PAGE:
Additional Information

Grading Service NGC
Grade MS63
Designation N/A
Mint Location N/A
Strike Type N/A
Circulated/Uncirc Uncirculated
Grade Add On N/A
SKU or Cert # 1200011

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Description

Details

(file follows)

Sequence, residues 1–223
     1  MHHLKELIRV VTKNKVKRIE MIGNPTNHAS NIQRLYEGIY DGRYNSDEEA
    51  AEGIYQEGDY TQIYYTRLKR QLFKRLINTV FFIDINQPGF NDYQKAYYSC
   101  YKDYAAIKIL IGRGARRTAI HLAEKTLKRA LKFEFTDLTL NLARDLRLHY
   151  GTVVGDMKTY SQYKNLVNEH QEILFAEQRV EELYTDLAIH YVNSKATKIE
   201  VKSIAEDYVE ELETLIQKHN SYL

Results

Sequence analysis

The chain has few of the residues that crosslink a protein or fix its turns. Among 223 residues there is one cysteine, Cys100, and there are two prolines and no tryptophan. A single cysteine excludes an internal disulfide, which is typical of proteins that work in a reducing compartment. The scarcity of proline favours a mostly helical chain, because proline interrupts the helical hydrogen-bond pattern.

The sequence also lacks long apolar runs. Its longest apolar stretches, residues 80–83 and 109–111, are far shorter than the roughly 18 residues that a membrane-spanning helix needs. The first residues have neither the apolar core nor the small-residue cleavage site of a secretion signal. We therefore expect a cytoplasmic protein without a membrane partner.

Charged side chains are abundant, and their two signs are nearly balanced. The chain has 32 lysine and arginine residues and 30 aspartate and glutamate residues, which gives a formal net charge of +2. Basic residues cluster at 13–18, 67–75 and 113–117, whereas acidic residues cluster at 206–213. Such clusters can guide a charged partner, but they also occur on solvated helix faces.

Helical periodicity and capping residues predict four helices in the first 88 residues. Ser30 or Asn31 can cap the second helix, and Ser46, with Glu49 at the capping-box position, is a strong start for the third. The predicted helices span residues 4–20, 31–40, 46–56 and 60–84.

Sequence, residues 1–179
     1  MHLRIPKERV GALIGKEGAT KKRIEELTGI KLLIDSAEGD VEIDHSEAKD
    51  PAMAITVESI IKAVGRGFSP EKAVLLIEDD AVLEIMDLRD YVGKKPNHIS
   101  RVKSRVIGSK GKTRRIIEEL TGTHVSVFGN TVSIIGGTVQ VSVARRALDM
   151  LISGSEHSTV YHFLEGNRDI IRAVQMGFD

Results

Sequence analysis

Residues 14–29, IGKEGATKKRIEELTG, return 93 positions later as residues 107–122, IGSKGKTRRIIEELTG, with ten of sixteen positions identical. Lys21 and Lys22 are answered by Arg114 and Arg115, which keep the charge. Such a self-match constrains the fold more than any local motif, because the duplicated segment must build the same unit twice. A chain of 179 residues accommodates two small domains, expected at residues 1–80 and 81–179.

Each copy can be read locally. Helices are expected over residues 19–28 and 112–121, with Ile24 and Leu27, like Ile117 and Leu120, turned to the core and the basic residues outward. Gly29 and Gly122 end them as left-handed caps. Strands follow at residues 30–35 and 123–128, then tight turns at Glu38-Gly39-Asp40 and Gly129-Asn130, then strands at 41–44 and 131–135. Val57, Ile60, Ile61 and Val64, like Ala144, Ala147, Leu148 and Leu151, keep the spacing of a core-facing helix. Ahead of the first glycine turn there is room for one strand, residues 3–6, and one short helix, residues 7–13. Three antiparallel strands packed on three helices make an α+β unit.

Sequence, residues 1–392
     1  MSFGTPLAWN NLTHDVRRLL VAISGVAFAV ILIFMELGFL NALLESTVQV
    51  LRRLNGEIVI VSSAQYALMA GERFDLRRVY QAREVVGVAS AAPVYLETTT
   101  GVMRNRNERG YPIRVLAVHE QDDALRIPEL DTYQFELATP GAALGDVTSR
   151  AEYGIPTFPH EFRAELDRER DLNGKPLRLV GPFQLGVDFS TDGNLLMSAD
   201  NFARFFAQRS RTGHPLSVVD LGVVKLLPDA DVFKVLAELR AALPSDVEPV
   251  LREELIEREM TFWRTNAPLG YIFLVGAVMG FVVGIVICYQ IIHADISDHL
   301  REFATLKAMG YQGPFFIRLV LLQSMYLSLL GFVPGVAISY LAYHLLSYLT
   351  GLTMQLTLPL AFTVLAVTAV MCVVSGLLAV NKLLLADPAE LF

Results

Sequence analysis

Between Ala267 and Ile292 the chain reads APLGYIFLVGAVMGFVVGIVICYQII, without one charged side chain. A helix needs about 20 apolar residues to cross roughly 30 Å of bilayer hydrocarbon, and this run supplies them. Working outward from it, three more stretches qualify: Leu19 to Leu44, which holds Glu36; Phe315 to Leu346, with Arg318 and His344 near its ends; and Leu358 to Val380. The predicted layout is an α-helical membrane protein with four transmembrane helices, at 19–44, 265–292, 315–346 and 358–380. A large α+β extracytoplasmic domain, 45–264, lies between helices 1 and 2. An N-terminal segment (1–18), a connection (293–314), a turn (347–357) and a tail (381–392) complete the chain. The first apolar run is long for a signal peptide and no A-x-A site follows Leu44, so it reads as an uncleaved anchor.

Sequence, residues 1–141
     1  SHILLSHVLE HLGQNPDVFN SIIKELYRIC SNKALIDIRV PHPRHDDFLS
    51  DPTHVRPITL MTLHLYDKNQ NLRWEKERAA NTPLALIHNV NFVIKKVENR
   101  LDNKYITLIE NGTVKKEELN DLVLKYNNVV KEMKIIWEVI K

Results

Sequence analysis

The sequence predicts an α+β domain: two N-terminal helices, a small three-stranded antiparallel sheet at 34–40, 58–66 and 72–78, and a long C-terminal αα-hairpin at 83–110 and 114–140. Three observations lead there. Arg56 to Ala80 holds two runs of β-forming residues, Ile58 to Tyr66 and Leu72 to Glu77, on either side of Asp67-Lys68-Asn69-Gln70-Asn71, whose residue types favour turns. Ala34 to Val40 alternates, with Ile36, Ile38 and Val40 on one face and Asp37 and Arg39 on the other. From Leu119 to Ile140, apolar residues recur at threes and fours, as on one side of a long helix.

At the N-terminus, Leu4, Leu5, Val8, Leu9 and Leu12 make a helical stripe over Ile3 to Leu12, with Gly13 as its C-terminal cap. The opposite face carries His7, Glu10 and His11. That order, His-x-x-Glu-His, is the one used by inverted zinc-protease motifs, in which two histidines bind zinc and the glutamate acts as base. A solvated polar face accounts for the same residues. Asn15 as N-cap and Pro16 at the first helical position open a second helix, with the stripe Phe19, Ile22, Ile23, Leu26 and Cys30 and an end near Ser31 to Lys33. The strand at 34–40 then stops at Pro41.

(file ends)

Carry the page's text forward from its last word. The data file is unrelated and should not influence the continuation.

Colombia. 1767-J escudo. Popayan mint. MS-63 (NGC). Struck in the name of Carlos III with the portrait of Fernando VI. An extraordinarily bright, fresh, and lustrous example of this type, certainly among the finest known. The cartwheel lustre careens easily around both sides, with bright light yellow gold still looking much as it did the day this coin was struck. A bit of coppery toning turns up in a few small areas in the northwest quadrant of the obverse periphery. Scattered light marks near the centers of both sides are seen, along with some very subtle hairlines, the kind of marks more likely to have been caused in a bag or keg than in circulation or in the hands of a collector. The design elements are fully struck and sharp on both sides, and no notable marks are noted. The eye appeal is magnificent for a Spanish colonial gold coin of this era, not held back by the usual hairlines or evidence of cleaning that even high grade Latin American gold from the 18th century so often shows.